The Dead Zone

Dir. David Cronenberg, 1983. Starring: Christopher Walken, Brooke Adams, Tom Skerritt, Martin Sheen. Horror.
The Dead Zone
David Cronenberg. Stephen King. Christopher Walken. You need no other excuse to check out this movie other than the fact that it’s the one and only time that those three names shared credit space at the opening of a film; and at a time when they were all creatively at the top of their game as director, writer and actor respectively. The Dead Zone is based on King’s successful novel of the same name, adapted for the screen by Jeffrey Boam (with a polish by David Cronenberg) and stars Christopher Walken at a time just before he became the "go-to" eccentric character actor in just about everything.

Walken plays Johnny Smith, a content school teacher who has a passion for his job, the admiration of his students and is engaged to the love of his life. But one fateful night, he’s involved in a terrible car accident that puts him in a coma. When he awakens, six years have passed, his limbs have suffered from atrophy, his job is gone and his fiance is now married to another man and a mother to a child that isn’t his. But he’s also awoken from his deep slumber with an unlikely gift; the gift of second sight. One mere touch and he’s able to not only see your past and present, but also see your future.

A good portion of the story revolves around Smith adapting and coping to his newfound gift (or curse, as he sees it). The emotional complexity with which Walken has to work makes for an incredible character arc. Right upon his awaking, he touches his female nurse and saves her daughter after he has a vision of her in a house fire. This, along with his reawakening garner media attention and there’s an incident at the press conference when a journalist tries to push Johnny on his "abilities." Once word of his "gift" gets out there, people either fear Johnny or want his help. Enter Sheriff Bannerman (played by the always great Tom Skerritt!) who comes to Johnny asking for help on solving a serial killer case. (Ah yes, here comes that horror element!) Reluctantly, he agrees to help and this sets Johnny off on what would inevitably become his hero’s journey.

What stands out here, as opposed to Cronenberg’s previous work, is the love story between Johnny and Sarah (Brooke Adams). While most of the relationships in Cronenberg’s early work feel cold and clinical, you can pretty much feel the heartbreak and hurt in the facial expressions of Walken every single time he crosses paths with his one true love. You get the feeling of how unfair it all really is. It’s not that Sarah doesn’t still harbor feelings for Johnny, but it’s just the circumstances of fate that have put them in their current positions. And it’s interesting, because this "love" relationship laid the groundwork for what Cronenberg would do in his next film, The Fly, which arguably works so well because of the love story between Seth Brundle (Jeff Goldblum) and Veronica (Geena Davis). Don’t worry, while this might be the most restrained Cronenberg film in terms of sex and violence, there is one nasty bit involving a suicide by scissor that is most definitely a Cronenberg addition to this movie. I cringe just thinking about it!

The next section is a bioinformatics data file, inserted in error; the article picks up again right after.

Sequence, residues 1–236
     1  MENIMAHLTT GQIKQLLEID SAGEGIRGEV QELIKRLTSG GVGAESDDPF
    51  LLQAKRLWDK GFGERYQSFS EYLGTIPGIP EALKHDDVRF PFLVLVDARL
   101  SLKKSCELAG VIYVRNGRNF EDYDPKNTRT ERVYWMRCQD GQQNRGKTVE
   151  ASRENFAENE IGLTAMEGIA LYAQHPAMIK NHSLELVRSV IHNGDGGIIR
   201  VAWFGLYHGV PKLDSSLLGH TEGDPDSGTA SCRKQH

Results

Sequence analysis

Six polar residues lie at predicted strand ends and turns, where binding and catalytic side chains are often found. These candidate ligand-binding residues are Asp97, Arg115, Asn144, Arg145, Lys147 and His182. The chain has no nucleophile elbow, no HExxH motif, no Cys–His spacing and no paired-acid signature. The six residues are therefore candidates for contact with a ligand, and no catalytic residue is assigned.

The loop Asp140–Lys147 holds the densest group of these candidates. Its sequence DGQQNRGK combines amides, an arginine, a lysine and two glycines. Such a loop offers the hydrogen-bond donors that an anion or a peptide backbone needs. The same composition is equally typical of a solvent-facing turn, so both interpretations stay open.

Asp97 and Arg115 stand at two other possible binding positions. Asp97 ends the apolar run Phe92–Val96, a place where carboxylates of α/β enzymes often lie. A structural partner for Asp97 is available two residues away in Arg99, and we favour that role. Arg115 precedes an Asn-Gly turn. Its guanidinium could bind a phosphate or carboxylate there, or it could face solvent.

Concurrently in The Dead Zone’s story, there is the political rising of Greg Stillson (played with great creepy zest by Martin Sheen), who envisions himself as the President of the United States one day. After a chance encounter with Johnny, Stillson is right, he will one day become president, but he’ll also set off World War III. And suddenly Johnny’s purpose becomes clear. He was never meant to be with the love of his life or be the father to her child. He came back with his gift to stop this one man from destroying humanity.

The thing that works so beautifully about The Dead Zone is that it doesn’t follow the traditional three act structure of a horror film, but instead, if anything it very much follows the "superhero" template. The first act is the hero’s origin, the story of how he gained his power. In the second act, he’s reluctant to use this gift (or curse) and refuses until he realizes that he can’t stand by idly when he can help people with his newfound power. The third act is him fully accepting his power and responsibilities and realizing that he was brought back for a bigger purpose; to stop a threat that will inevitably destroy the world, so he must make the ultimate sacrifice to save all of us. Trademark stuff that superhero comics (and movies) are made of.

Another thing worth noting about The Dead Zone is that it marks David Cronenberg’s only film since The Brood without his usual composer Howard Shore. Since Shore was tied up on another film project, the filmmaker enlisted Michael Kamen to deliver the mournful lush tones of Johnny Smith and it stands out as some of Kamen’s best work, as well as the most unique music of Cronenberg’s filmography. (Shore returned for his next film, The Fly.)

Personally, I’m a huge fan of all the creative talents involved in this film, but this also stands out as my favorite King story, my favorite Cronenberg film, and my favorite performance by Christopher Walken, as well as one of his most quotable. (“The ICE…is gonna break!”) If you’re a fan of any of those three, then The Dead Zone is mandatory viewing.

Fun fact: In Christopher Walken’s first scene as Johnny Smith, he’s reading Edgar Allan Poe’s The Raven to his students in class and assigns them The Legend Of Sleepy Hollow as their homework. Years later, he would read The Raven for the audio CD release Closed on Account of Rabies: Poems and Tales of Edgar Allan Poe and play the headless horseman in Tim Burton’s 1999 film version of Sleepy Hollow starring Johnny Depp!

Posted by:
Rob Galluzzo
Sep 30, 2011 12:06pm
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